Recently, ABM used rockets smuggled from the Palestinian border through Hamas tunnels. It attempted an assassination on Egyptian Interior Minister Mohamed Ibrahim in Cairo in September, 2013. On October 24th, ABM also attacked a security checkpoint in the Sinai, killing 33 Egyptian security personnel.

Hamas, an offshoot of Muslim Brotherhood based in Gaza, helped enable the car bombing in the October 24th attack conducted by ABM. Black market tunnel trade and logistics at the Gaza border is one tangible way that it can be linked to Al Qaida and ISIS in the Sinai. Hamas may have an agreement with the Palestinian group Jaish al-Islam to train people to fight in Yemen, Syria, and the Sinai. Since its leadership began in 2007, tunnels from the Sinai into Gaza have contributed $230 million in monthly revenue. Radical allegiances are not as simple as Sunni versus Shia. Although Hamas is a radical Sunni group, it has been linked with Iran for funding, weaponry, strategy, and training.

When stakes against Western targets are high, groups funding Sunni and Shia radicalism unite. In the past, the military wing of Hamas has imported Iranian-made long range Fajr-5 rockets. It has been suspected recently that Iranians linked to Hamas were working with ABM to strategize deadly attacks on the peninsula. Recently, the discovery of a Klos-C missile, as well as 40 rockets and 400,000 bullets were intercepted in the region and thought to be in transit to Gaza.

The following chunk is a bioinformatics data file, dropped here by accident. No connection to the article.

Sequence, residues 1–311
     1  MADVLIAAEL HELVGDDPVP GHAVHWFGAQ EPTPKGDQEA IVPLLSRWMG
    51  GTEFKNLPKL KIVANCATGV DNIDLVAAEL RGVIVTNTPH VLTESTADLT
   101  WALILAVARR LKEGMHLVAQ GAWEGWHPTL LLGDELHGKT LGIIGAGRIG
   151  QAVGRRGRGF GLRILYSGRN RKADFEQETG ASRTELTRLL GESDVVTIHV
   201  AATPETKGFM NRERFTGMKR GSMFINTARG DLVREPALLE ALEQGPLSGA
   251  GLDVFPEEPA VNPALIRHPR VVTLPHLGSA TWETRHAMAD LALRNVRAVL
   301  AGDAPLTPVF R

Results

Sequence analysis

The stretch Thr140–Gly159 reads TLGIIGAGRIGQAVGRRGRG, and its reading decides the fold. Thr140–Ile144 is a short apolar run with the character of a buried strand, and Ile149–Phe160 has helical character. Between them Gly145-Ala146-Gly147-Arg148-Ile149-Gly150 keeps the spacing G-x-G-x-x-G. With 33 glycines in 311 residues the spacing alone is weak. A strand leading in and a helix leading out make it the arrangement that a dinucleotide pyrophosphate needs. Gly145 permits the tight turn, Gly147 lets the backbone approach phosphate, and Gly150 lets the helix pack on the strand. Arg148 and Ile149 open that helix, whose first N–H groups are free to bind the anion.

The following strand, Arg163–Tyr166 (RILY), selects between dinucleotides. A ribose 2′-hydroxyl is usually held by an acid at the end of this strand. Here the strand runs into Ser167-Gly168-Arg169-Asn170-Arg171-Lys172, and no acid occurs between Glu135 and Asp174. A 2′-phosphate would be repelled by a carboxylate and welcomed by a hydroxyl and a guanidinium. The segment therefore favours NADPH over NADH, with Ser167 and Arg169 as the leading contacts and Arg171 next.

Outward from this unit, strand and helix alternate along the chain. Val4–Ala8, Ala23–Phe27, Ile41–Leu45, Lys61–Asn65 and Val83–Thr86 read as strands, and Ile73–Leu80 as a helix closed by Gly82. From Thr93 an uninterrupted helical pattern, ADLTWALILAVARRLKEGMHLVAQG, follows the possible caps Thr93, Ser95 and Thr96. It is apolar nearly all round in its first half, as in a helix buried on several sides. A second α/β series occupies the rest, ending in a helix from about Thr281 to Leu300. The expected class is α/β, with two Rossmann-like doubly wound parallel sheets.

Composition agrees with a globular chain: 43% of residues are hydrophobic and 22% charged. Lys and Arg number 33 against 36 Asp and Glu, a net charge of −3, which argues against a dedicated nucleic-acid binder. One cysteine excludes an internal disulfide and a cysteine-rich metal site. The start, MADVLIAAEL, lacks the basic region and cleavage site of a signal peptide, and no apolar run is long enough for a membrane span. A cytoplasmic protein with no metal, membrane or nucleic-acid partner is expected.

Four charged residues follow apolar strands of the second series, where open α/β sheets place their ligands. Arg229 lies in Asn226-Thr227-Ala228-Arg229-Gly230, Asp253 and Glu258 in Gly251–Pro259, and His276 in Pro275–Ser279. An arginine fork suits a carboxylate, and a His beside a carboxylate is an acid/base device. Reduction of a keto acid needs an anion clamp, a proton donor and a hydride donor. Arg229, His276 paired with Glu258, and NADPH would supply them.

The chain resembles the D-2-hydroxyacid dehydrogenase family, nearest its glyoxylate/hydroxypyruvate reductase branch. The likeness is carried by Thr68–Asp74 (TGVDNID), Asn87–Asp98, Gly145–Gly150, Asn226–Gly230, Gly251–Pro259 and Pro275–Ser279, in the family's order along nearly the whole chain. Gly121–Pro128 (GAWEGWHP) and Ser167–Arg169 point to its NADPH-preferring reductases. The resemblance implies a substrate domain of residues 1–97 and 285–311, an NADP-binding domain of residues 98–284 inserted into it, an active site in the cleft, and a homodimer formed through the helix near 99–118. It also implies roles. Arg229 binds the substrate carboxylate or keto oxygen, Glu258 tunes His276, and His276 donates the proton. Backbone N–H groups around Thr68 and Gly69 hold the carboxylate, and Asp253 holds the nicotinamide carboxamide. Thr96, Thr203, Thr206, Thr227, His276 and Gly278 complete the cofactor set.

Last, and perhaps most important in the Sinai conflict is the local Bedouin population. The Bedouins are ripe targets for Jihadi groups in the Sinai because of their status as marginalized outsiders in Egyptian society. They are often refused local jobs to those of Egyptian heritage. Many Bedouin families are tied to the Levant and Saudi Arabia, and still maintain close cultural and familial ties to those lands.
Sinai Bedouins often endure many hardships including no running water or property rights. They were able to find employment opportunity in resorts in south Sinai. However, tourism in the south has taken a huge hit due to ongoing conflict. As a result, Bedouins find opportunity in the transport of drugs, weapons, and people. Many have become radicalized, joining local groups like ABM. Some help transport contraband through tunnels into Gaza.

Currently, the status of the Bedouin population in the Sinai is a black eye on the human rights record of the Al Sissi government. If Egypt offered Bedouins greater legitimacy, its current relationship with global trading partners would improve dramatically. Reinforcement of Sinai ports, and pipelines, as well as an enhanced buffer isolating Gaza can provide employment to the Bedouins, vastly improving their current status in Egypt.

Defeat of militant Islam in the Sinai, and development of infrastructure on the part of a moderate Arab/ Israel alliance addresses two goals: first, integration of Bedouins into Egyptian society, second, military and economic victory against ISIS and Hamas. Victory for a moderate, pro-Western alliance in this region also helps diminish the strength of the successful PR war being launched by ISIS. Winning the war against radicalism in the Middle East comes down to global public perception that a successful outcome is possible. Perhaps victory and economic progress in the Sinai is the first step.